“Where was the leak in the U.S. Court of Appeals when the decision came down?” asks E. Thomas Maxwell, a former assistant state’s attorney in Baltimore who prosecuted Salsbury in 1961. His raised eyebrows concerning the circumstances of Salsbury’s disappearance are common among afficionados of the Lord. Maxwell speculates that, if Salsbury had not fled and instead been imprisoned, information the racketeer had about public corruption could have erupted in scandal.
Kramer, however, says the question of whether someone leaked word of the appellate court’s decision in order to give Salsbury the opportunity to run is settled. “A lot of people thought that,” Kramer recalls. “There was an investigation and we determined that we do not believe that there is any evidence showing that there was any kind of leak out of the Fourth Circuit Court of Appeals.” Instead, Kramer believes Salsbury “was just playing the odds” on when and how the appeal would come down and fled town just in time.
The Lord took with him everything he knew about criminally culpable public officials, and in his wake he left a red-faced federal law-enforcement community. “The government was just embarrassed for many, many years” after the escape, says Maxwell. George Beall, who was U.S. Attorney for Maryland when Salsbury escaped, agrees. “It was an embarrassment to the FBI, to the government, that he was gone,” he explains. “They turned themselves inside out to try to solve the mystery.”
According to Kramer, Salsbury left his Horizon House apartment on Calvert Street and “went directly to Canada. We later determined that there was a safe deposit box in Canada. We finally got the search warrant for it and found it empty. The best we could determine was that he took a gambling junket to England, probably under an assumed name, and later we could prove he was in South Africa. Money was being funneled [to Salsbury] through Germany, we believe, from businesses being sold in Maryland.”
Besides the government, the other big loser when Salsbury fled was his friend and gambling colleague, the bail bondsman Robert “Fifi” London, who had posted a total of $80,000 bail that had to be forfeited, according to Morton Pollack. “I know for a fact that he was paid back” on Salsbury’s behalf by a third party, Pollack says. Fifi London died in the 1970s after a lengthy prison term for tax evasion, but his bailbonds firm lives on. In fact, Melvin Williams’ Scrapp Bail Bonds was (until it tanked due to Williams’ recent legal troubles) a subagency of London Bonding Agency.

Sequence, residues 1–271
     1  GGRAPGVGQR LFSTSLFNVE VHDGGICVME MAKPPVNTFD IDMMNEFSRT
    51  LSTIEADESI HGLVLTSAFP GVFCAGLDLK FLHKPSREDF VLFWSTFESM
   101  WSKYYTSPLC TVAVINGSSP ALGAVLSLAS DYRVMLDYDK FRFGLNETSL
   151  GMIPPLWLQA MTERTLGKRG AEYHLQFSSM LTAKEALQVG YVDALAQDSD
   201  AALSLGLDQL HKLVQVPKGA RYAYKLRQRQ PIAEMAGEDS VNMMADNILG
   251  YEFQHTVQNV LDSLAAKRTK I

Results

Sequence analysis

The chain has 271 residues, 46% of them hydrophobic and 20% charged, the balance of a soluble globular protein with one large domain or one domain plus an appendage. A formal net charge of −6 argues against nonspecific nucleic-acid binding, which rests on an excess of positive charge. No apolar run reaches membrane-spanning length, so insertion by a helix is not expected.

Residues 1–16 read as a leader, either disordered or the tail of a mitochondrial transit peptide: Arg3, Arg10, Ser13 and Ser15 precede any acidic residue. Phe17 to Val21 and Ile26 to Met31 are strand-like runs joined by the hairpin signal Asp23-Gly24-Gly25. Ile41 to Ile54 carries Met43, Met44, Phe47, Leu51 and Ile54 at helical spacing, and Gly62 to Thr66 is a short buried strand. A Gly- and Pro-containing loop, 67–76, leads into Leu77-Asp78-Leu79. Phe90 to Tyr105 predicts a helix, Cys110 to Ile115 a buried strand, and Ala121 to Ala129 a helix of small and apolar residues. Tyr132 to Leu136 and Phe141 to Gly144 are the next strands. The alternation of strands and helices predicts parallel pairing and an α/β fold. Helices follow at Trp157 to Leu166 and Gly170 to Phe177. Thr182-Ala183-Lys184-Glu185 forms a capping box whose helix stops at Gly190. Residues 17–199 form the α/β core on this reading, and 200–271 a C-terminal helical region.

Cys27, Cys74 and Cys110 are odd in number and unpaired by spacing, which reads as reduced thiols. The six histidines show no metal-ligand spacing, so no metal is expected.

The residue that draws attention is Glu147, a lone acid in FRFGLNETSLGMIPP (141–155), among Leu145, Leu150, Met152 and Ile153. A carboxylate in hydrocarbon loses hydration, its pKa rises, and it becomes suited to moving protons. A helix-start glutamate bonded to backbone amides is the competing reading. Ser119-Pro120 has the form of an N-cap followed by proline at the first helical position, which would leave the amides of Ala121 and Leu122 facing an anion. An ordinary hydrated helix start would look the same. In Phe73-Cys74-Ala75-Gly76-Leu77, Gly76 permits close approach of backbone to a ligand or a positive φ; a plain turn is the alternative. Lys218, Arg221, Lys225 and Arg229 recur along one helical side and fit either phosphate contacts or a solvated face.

Homicide author David Simon investigated the Salsbury case as a Sun reporter in the 1980s and early 1990s and concluded that the Lord ended up in Israel, living in a townhouse in Tel Aviv. Melvin Williams is full of insinuations that he had been in communication with Salsbury since his flight, has information about the Lord’s whereabouts over the years, and knows the truth about the man’s mysterious fugitive years. But, like any good gambler, Little Melvin plays that card close to his vest.
Back in 1969, as the net closed in around Salsbury, Fred Motz served as co-counsel to lead prosecutor Kramer. Now the chief judge of the U.S. District Court of Maryland, Motz was one of the men who helped hunt Salsbury down, and he understands well why the Lord still haunts the Block. “As you get older, you can romanticize,” he says. “It is an overstatement to say that the Salsbury people were sort of like Damon Runyon characters. [But] there’s a certain poignancy to the fact that that is now gone.”
Never mind that the real-life Salsbury helped cement Mobtown’s still-thriving reputation as a hopelessly corrupt and dangerous town. Forget that, during his reign, the Block was wracked with shocking violence, and the widespread public corruption Salsbury instigated to protect his rackets undermined the public trust in honest government. From the perspective of modern Baltimore, the Salsbury era still inspires a certain nostalgia for the days of honorable outlaws and crime that seemed at least to be organized. Maybe, Motz guesses, it’s only because corruption and violence grew so much worse after he left.
“[Salsbury] was really in quite strong control of the Block, and … after he was taken out, rough people came in and there were a lot more murders,” Motz says. “Nobody’s saying that crime is appropriate, but you are going to have crime. There’s almost a sense of longing for [Salsbury’s brand of crime], as opposed to what you see out on the streets today. I think that’s one of the appeals of the Salsbury story. It is something from a different era. And one senses that things are different now than they were then.”